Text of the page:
The Police Forces who disobey the law

On a personal level, I have always held that a person who is prepared to suffer the consequences of disobeying an unjust law, should disobey an unjust law. This, however, is a matter of personal conscience. If an unjust law is passed – you can think of a wholly unjust law that might be passed, perhaps of the kind that was passed by the Nazis when they were in power in Germany, it is not only meet that you disobey it but it is essential that you do so. Continue reading

MPs expenses – they still don’t get it

After all the publicity and fuss I suspect that many members of Parliament still do not fully understand the depth and intensity of public anger about their expenses. This is not an issue where the public wants to move on or has the slightest intention of moving on. The latest round of disclosures leaves a bitter taste in the mouths of many. Mr Brown seems to have spent £12,000 more than the new official thinks reasonable, mostly on cleaning his second home. Continue reading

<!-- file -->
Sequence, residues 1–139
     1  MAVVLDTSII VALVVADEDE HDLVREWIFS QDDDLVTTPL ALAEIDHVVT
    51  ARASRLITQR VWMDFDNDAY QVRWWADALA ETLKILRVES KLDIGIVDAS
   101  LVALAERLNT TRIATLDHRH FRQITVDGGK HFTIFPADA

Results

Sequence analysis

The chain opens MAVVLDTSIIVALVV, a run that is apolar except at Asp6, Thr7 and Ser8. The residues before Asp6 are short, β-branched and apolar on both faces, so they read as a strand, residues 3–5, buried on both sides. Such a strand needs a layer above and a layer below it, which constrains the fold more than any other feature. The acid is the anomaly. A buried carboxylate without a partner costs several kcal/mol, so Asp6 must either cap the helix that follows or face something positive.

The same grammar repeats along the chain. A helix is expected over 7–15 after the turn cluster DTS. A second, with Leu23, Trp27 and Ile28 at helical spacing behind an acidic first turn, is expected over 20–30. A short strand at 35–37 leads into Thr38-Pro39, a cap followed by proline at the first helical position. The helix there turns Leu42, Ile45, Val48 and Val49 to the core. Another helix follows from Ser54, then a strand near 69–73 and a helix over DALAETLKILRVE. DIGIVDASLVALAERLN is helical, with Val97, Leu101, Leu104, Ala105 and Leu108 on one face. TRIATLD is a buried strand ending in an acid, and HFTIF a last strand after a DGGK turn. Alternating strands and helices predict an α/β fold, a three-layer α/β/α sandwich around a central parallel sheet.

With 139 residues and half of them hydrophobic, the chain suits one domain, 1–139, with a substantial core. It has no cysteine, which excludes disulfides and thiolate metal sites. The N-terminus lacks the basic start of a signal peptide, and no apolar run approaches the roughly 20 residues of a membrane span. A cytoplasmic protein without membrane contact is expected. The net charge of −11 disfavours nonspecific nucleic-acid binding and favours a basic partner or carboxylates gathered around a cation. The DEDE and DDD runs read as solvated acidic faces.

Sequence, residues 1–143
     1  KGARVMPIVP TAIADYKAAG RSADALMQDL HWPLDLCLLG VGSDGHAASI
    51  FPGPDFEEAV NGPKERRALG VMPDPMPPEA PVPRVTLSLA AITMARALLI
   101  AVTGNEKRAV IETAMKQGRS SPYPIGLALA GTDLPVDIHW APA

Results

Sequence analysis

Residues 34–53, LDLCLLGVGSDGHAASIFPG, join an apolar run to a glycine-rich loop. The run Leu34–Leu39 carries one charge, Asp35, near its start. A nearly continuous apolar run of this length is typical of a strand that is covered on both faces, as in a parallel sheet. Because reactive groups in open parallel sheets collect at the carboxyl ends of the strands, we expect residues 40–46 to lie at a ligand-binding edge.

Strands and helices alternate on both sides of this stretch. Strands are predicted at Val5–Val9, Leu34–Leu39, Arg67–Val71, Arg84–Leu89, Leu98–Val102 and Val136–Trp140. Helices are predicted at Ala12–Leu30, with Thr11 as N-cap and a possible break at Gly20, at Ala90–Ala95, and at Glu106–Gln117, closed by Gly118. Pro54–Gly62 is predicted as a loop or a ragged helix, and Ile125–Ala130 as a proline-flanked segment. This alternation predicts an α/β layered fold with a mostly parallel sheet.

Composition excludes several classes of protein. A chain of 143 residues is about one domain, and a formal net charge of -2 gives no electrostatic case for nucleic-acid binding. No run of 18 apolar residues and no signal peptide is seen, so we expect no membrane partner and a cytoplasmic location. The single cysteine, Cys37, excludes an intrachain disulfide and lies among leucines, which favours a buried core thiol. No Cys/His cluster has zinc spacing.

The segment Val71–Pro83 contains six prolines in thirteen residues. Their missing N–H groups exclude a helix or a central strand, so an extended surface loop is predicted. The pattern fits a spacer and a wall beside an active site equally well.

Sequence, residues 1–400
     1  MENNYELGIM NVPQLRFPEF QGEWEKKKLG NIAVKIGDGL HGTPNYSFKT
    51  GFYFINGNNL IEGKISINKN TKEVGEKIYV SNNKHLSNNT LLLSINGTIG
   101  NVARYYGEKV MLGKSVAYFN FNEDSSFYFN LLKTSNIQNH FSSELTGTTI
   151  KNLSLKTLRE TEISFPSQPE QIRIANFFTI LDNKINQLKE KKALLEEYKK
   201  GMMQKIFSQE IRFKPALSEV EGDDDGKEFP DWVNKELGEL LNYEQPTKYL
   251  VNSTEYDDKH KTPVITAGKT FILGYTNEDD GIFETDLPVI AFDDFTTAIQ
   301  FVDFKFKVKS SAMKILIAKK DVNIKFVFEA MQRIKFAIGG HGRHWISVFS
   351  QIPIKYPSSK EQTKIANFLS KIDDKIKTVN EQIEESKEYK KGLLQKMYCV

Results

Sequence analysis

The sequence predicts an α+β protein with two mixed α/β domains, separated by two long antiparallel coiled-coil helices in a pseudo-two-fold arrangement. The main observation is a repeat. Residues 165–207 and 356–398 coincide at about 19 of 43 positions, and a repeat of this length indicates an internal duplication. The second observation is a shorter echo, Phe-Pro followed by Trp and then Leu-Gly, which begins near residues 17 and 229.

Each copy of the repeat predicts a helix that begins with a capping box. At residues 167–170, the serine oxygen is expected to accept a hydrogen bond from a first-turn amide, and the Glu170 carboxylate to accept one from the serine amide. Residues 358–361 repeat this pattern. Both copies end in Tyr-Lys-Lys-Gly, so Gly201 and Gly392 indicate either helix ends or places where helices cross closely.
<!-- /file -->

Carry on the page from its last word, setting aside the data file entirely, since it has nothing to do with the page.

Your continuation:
Holding terror suspects without charge is locking up democracy, freedom and justice

On the 28th October 1940 Italy invaded Greece. The invasion inspired my father Nicolas Kyriakides to join the Cyprus Regiment of the British Army in Alexandria; he, along with other Cypriots, was promised that if Cypriots joined the Army after the defeat of the Axis forces Britain would grant Cyrus independence. A higher proportion of Cypriots (compared to their population) fought in the war for Britain than any other Commonwealth or Empire force.   Continue reading